Facebook user on a phone

WhatsApp must stop sharing data with Facebook, French watchdog demands

Image credit: Dreamstime

French data privacy watchdog the Commission nationale de l’informatique et des libertés (CNIL) has ordered WhatsApp to stop sharing user data with its parent company, Facebook.

The encrypted messaging service was acquired by Facebook in 2014. In May 2017, the European Commissioned fined Facebook £94m for having provided “misleading information” over its takeover of the messaging app. Facebook claimed that it would not be capable of matching Facebook users with their WhatsApp accounts, although it went on to do so.

This made Facebook the first company to receive sanctions under the European Commission’s Merger Regulations.

In 2016, WhatsApp updated its terms of service to state that it shares its users’ data – such as phone numbers – with Facebook in order to improve targeted advertising, as well as to tackle spam, refine security measures and gather business intelligence.

The CNIL went on to investigate WhatsApp, and concluded that although some of its statement was acceptable, it was less valid to state that the data sharing would help gather business intelligence, given that the app never alerted its users that it would be collecting personal data for this purpose.

Although a 30 day opt-out was available, the only way users can permanently opt out of this arrangement is to uninstall the app, the CNIL said. This violates the freedoms of users and the data protection regulations in France. WhatsApp has a month to comply with the CNIL’s demands.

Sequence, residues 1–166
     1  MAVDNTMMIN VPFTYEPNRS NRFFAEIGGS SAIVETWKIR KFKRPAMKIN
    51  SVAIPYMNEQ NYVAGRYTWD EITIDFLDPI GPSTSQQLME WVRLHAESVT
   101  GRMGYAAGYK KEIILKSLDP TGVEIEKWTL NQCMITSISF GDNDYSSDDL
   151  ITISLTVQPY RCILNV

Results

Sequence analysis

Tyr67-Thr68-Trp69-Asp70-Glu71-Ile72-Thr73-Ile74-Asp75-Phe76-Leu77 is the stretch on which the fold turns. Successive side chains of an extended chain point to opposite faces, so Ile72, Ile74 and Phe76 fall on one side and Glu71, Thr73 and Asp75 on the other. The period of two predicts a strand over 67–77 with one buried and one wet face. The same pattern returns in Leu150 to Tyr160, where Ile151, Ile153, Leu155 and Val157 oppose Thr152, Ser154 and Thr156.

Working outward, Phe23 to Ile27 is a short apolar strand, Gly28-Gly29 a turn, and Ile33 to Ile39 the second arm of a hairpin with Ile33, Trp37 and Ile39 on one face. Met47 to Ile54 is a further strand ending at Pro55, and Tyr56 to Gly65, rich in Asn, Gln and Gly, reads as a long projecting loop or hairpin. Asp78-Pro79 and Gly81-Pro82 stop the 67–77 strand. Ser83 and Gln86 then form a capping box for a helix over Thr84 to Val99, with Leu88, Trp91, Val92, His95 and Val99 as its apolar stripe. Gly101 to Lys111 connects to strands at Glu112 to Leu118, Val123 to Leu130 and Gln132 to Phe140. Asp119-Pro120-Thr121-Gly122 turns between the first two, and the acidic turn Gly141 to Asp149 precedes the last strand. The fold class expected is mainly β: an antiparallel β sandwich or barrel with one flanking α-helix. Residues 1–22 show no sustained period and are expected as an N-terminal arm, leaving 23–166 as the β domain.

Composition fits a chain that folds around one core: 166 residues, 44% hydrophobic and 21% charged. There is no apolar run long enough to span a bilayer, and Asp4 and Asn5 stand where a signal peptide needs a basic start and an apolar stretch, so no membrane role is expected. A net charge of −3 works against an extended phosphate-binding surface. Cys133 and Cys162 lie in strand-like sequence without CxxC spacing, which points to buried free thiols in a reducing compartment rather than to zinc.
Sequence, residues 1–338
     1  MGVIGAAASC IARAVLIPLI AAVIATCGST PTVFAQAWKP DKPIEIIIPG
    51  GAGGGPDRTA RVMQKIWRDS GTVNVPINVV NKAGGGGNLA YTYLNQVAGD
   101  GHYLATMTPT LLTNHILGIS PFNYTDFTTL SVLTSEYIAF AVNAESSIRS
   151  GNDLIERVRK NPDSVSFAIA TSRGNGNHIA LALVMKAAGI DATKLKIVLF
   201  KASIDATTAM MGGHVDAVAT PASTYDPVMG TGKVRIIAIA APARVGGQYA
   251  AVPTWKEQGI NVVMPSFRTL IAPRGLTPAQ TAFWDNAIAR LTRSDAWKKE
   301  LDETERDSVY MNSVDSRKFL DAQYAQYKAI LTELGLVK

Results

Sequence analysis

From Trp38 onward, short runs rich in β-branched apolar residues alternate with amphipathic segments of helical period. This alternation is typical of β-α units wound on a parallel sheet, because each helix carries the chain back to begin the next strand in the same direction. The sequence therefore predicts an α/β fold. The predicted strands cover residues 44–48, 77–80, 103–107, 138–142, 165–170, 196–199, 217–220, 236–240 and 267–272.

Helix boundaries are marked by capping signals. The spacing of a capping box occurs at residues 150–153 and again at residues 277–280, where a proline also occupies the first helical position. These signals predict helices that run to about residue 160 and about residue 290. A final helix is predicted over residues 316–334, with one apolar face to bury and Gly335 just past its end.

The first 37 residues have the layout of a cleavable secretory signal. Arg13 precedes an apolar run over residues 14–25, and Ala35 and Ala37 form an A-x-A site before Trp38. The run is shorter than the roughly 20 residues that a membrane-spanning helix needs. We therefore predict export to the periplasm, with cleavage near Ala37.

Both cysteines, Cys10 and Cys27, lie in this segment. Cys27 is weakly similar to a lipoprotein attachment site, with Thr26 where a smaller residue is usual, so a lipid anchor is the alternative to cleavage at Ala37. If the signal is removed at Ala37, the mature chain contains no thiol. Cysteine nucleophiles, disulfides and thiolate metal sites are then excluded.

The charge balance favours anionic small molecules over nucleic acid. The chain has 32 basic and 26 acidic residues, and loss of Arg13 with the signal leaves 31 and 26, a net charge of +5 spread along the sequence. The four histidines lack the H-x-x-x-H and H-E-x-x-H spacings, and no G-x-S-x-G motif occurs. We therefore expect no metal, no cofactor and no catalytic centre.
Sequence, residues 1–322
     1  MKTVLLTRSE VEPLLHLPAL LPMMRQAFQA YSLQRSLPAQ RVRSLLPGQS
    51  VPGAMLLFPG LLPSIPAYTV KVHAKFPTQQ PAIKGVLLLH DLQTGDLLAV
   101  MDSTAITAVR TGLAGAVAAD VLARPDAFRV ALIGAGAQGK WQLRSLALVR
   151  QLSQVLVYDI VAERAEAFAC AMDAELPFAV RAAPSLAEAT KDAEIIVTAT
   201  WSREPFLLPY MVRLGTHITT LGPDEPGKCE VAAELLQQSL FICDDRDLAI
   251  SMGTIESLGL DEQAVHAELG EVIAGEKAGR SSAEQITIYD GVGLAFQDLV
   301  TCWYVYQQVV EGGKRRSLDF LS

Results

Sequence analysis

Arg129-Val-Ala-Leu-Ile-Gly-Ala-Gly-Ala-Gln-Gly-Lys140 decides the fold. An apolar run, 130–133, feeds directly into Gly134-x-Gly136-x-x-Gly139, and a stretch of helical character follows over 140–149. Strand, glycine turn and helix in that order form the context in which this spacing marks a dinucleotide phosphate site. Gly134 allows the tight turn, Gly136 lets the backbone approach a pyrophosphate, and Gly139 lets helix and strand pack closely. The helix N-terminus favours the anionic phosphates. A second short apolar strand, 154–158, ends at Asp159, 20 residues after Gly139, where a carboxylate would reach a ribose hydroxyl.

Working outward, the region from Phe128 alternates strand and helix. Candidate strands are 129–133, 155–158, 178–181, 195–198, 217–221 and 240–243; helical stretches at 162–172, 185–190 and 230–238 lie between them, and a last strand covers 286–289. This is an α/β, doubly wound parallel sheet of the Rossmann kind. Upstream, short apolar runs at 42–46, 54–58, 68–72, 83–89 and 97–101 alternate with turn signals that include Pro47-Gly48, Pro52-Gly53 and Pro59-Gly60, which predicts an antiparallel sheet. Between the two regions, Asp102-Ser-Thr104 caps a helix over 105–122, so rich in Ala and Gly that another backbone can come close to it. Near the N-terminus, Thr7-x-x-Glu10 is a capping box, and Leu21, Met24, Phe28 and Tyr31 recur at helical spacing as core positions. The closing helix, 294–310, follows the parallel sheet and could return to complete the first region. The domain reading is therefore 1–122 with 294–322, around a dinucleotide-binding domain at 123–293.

Facebook has faced scrutiny and warnings elsewhere with regard to its collection of personal data from WhatsApp users. In November 2016, the UK Information Commissioner’s Office announced that Facebook had agreed to stop using data from British WhatsApp users to target advertisements. The watchdog said that Facebook would face sanctions if it continued to non-consensually gather data. Germany has also ordered Facebook to cease gathering user data from WhatsApp, and the EU’s data regulator, the Article 29 Working Party, has warned WhatsApp over its sharing of data.

Facebook states that privacy is “incredibly important” to WhatsApp, that very little data is collected and that every message sent via the app is encrypted. According to the CNIL, Facebook has given its reassurance that personal data belonging to its 10m French users has not been used for targeted advertising.

Jay Koum, founder of WhatsApp, has spoken publicly about his hostility towards advertising and reassured WhatsApp users that ads will never be part of the app.

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